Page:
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- Measurables: 6-foot-5, 185 pound freshman shooting guard from Kansas
- Key Stats: 15.9 points, 5.2 rebounds, 2 assists per game; shot 49.5 percent from the field and 42 percent on 3-pointers
- Projected: top two
- Hickory High similarity score
Although McLemore was a freshman this season, this was his second year attending Kansas. Because of issues with his high school transcripts, McLemore was academically ineligible to play for Kansas in 2011-2012 and redshirted. McLemore, now 20 years old, is already older than Andre Drummond.
Fits with the Pistons because …
The Pistons desperately need a good perimeter player, because Brandon Knight, Rodney Stuckey and Kyle Singler just aren’t cutting it. McLemore, who shot 42 percent from 3-point range, is most commonly compared to Ray Allen. McLemore could become the Pistons’ second-best option on offense, behind the Drummond-Monroe tandem in the paint. Having a player that can knock down long shots like that is a luxury that the Pistons haven’t truly experienced in a while.
On defense, McLemore’s foot work and length have scouts hoping he has the potential to become a lockdown defender in the NBA, even if he’s not there yet.
People fail to remember that scouts looked at McLemore as an undersized power forward until his senior year of high school. He’s a very late bloomer.
Doesn’t fit with the Pistons because …
Detroit’s front office still has a lot of hope in developing Brandon Knight as a shooting guard, and if they believe in that, there’s no use in drafting McLemore. McLemore is not a player that you can put in other positions and make it work– he’s a shooting guard and will stay a shooting guard.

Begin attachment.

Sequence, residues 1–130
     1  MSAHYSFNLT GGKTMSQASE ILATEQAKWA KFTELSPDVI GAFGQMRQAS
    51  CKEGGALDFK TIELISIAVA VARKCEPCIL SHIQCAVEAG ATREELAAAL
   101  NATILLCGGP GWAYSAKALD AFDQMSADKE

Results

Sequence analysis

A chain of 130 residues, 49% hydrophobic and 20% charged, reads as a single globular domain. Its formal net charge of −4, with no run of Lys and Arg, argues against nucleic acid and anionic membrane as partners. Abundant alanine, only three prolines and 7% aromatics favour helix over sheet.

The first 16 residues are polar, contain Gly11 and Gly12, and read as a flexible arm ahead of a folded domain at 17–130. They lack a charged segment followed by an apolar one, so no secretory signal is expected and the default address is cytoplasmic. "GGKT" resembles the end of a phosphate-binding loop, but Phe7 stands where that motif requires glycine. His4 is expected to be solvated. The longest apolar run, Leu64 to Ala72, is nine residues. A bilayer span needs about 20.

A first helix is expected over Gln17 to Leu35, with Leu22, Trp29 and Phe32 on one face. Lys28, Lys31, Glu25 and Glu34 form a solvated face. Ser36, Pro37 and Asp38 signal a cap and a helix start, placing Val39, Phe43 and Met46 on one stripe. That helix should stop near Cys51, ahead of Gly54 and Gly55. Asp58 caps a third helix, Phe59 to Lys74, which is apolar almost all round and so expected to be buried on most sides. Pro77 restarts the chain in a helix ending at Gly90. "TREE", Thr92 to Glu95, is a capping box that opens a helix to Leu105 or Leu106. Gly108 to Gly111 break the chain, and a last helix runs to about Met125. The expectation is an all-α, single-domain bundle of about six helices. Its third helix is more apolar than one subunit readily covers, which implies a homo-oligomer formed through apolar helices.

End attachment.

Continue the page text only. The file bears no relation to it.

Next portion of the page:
If the Pistons have an opportunity to snag McLemore – it will take some luck in a few minutes – he’s not a sure-fire star. He has the capability of developing into one, but he was often too passive at Kansas.
He’s not going to be a bad player, but there’s a chance he won’t realize the potential everyone sees in him.
From the experts
McLemore is the purest jump shooter in the country. He’s a likely top-three pick, and in some scenarios in our Lottery Mock Draft, we having him going No. 1 overall. McLemore is also an elite athlete and has the potential to be a great defender. What he lacks is confidence. At times he can disappear or overly defer to other players. For teams wanting a go-to scorer and an alpha dog, he might not be the right choice. But if he overcomes that, he could be an NBA All-Star someday.
Long term, the question is what type of role McLemore can grow into in the NBA. Is he a “3 and D” player, meaning a spot-up 3-point shooter, transition finisher and defensive stalwart, or can he be more than that? Most starting shooting guards in the NBA need to be able to function in pick and roll and isolation settings, which is something he doesn’t do at Kansas very often (under 10% of time according to Synergy Sports Technology). It really depends on what the expectations from him well be, which will be decided in large part on where he ends up being drafted.